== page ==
Hang on, I thought, logically you might assume a confessor is someone who makes a confession, who confesses to something. A teacher teaches, a writer writes, so logically a confessor confesses, no?
No, because of course a confessor is someone like a priest who hears someone’s confession.
But also yes, because confessor also means someone who confesses. How can it mean both things?
Well, it’s all probably down to the fact that confessor originally referred to someone who avows their religion in the face of danger (but doesn’t suffer martyrdom). There’s the same basic sense of admitting something inherent in this use of the term as there is in the sense of admitting to a crime or sin (when you think about it, confessing to believing in a particular religion before its enemies could be just as dangerous to your life/reputation as confessing to a crime or sin).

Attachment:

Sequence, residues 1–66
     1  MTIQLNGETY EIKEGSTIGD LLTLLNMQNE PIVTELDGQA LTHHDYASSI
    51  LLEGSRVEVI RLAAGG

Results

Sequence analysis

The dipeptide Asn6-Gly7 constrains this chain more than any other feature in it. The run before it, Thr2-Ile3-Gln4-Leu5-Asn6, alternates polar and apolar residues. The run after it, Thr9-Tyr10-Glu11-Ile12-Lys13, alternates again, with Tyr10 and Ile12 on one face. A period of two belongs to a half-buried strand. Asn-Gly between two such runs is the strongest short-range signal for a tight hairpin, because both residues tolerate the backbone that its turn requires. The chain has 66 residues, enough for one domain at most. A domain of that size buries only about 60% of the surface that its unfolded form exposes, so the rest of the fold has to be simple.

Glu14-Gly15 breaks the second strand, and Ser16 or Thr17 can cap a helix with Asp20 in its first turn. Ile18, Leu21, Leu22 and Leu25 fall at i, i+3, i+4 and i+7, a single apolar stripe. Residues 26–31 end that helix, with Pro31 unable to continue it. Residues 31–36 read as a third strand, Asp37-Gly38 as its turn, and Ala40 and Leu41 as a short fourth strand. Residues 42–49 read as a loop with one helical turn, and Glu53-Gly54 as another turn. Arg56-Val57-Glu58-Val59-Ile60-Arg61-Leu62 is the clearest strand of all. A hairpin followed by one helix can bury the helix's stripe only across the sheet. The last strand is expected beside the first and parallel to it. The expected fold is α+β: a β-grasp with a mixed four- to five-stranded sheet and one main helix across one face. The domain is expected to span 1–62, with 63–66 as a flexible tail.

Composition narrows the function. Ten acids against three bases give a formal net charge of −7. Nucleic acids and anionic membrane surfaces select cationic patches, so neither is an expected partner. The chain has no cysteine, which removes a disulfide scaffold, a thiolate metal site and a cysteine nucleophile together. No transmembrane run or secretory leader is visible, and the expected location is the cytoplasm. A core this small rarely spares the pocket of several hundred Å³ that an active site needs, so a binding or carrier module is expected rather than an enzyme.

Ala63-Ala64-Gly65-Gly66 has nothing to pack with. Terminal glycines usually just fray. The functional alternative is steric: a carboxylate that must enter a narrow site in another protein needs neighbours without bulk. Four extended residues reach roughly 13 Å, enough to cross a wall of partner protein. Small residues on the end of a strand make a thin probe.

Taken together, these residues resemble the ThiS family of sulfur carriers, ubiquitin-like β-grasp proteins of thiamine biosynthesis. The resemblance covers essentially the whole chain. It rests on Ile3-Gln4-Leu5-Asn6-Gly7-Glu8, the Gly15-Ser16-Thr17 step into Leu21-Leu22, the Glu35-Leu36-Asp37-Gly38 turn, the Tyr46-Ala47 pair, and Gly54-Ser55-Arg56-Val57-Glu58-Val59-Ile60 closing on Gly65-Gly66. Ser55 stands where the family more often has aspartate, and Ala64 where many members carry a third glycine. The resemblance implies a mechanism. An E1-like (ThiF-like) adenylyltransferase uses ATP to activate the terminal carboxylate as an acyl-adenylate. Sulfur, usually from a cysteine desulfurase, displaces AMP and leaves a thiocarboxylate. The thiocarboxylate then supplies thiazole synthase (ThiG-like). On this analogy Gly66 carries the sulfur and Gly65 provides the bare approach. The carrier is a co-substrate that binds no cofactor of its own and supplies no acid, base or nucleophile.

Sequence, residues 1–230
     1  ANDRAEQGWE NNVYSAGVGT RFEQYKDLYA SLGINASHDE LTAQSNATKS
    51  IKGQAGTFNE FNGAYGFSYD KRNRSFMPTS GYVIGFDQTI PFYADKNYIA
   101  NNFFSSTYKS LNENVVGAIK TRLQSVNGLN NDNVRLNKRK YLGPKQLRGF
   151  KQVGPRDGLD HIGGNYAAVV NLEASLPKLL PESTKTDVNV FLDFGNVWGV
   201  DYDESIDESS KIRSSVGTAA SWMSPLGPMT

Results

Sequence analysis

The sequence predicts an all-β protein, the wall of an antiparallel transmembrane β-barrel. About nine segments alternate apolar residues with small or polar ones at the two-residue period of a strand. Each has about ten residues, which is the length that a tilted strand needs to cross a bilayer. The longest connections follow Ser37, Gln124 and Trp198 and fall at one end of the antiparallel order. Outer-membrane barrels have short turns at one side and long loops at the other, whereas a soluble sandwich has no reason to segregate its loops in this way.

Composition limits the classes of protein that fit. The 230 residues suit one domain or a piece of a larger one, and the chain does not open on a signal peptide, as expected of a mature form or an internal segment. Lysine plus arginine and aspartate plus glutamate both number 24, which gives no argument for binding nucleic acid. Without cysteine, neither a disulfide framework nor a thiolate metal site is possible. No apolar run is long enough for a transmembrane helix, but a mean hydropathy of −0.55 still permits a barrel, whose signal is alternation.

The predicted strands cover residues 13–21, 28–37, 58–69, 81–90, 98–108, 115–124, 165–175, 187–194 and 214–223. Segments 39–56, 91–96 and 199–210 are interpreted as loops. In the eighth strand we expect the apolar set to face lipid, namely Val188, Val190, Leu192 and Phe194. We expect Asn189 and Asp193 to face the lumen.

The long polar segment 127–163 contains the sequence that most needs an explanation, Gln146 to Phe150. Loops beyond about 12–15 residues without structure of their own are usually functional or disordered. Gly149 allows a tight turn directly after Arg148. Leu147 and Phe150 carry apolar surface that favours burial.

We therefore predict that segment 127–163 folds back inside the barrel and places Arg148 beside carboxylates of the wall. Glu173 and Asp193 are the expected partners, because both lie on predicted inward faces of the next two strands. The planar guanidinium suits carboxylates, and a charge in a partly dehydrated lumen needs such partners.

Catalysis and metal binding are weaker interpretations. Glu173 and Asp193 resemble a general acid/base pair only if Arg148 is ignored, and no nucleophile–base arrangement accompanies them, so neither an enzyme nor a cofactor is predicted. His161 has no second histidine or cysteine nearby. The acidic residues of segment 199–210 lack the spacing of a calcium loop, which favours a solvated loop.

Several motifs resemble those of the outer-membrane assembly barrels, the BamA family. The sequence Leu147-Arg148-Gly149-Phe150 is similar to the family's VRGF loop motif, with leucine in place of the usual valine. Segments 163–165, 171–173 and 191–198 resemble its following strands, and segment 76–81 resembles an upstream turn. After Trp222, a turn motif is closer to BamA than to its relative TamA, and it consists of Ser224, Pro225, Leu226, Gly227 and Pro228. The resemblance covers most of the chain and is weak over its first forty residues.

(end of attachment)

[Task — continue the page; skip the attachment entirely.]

The reason confessor is still mainly associated with this meaning, rather than that of someone who confesses to something bad, is probably that it was popularised as the nickname of Edward the Confessor. The ancient King of England got the name from being a saint who wasn’t martyred, and his renown probably solidified that as the meaning of the word.
So it’s not really that strange that one word can mean two opposing things. Tune in tomorrow to discover even more such words…